The Philippine banking system must effectively deal with “new risks” while funding the country’s economic growth,
a global publishing, research and consultancy firm said.
Oxford Business Group (OBG), in “The Report: The Philippine 2014,” said that the country’s banking sector has strengthened significantly in recent years and most institutions are now in good shape.
“They are both profitable and sound, able not only to play a vital role in the growing economy but also to withstand volatility along the way,” it stated.
However, the firm noted that while the country and the banking system have done well, it also faces significant challenges that must be effectively dealt with.
One of the challenges the OBG report noted was the transition of the system to the Basel III framework that was designed to strengthen the banking sector’s capacity to absorb shocks; to enhance the management of risk; and to increase transparency.
The consultancy firm said that while the banking sector has generally welcomed the strengthening of the regulation, supervision and risk management that Basel III entails, lenders are aware that compliance will come at a cost.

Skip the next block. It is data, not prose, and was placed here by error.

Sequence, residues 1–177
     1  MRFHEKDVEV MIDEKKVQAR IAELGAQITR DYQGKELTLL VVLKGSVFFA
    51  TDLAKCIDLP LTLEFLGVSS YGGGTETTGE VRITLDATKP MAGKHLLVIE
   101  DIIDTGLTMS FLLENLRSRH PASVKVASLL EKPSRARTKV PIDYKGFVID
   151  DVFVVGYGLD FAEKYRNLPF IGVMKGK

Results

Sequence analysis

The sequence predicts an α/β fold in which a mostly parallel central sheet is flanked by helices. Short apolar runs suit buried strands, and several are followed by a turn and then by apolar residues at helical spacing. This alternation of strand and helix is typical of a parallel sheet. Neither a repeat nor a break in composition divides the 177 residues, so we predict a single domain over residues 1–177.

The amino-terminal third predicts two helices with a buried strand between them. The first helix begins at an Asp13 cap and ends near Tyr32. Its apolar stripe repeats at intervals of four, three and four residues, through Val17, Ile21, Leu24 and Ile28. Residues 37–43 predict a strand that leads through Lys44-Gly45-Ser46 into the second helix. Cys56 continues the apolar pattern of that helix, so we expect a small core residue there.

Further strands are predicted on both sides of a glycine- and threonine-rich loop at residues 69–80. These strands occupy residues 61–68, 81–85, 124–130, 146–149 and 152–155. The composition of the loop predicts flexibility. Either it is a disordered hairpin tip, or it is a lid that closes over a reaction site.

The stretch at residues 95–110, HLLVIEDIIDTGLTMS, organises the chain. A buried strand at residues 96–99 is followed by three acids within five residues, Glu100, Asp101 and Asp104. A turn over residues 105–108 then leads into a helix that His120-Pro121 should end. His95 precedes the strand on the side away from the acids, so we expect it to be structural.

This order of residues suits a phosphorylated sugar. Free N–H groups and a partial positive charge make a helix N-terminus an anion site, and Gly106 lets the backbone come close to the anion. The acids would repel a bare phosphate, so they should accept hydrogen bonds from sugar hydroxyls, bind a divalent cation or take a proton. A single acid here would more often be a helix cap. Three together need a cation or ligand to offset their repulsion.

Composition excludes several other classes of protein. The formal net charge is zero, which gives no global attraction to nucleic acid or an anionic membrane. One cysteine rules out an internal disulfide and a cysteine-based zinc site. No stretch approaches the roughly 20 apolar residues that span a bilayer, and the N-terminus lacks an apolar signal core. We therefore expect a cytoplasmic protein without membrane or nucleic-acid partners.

“Bank chiefs have pointed out that the increased safety measures included in the upgraded guidelines, along with the additional monitoring units and technology, will mean a hike in expenses,” it added.
OBG also said that banks could also reduce their lending to meet the risk-weighted capital requirements under the framework.
The Bangko Sentral ng Pilipinas has ordered universal and commercial banks in the Philippines to comply with Basel III’s 10-percent capital adequacy ratio standards with Tier 1 common equity and Tier 1 capital ratios of 6 percent and 7.5 percent, respectively, and a capital conversion buffer of 2.5 percent by January 1, 2014.
Furthermore, OBG noted that another challenge the system must face is the few number of consolidated banks.
“While consolidation of banks has occurred, relatively little has taken place, and the country has far more banks than other countries in the Asean [Association of Southeast Asian Nations] nations,” it stated.
In connection, the consultancy firm cited a BSP circular in 1998 that offers incentives for banks to combine and form larger, more stable institutions.
It said that despite the trend toward consolidation, the number of branches in the country has been rising steadily, noting that as of June 2013, there were 9,543 operating banking units in the country.
“This is partly the natural result of a push decades ago to establish rural banks. But the great number of banks is also the consequence of the relative lack of mergers,” it stated.
However, the consultancy firm’s report said that the combination of large banks have been proven difficult, because of the way the Philippines operates.
“The archipelagic landscape and economies of scale have made industry consolidation and financial access, particularly in remote, rural areas, a delicate balancing act for regulators,” it stated.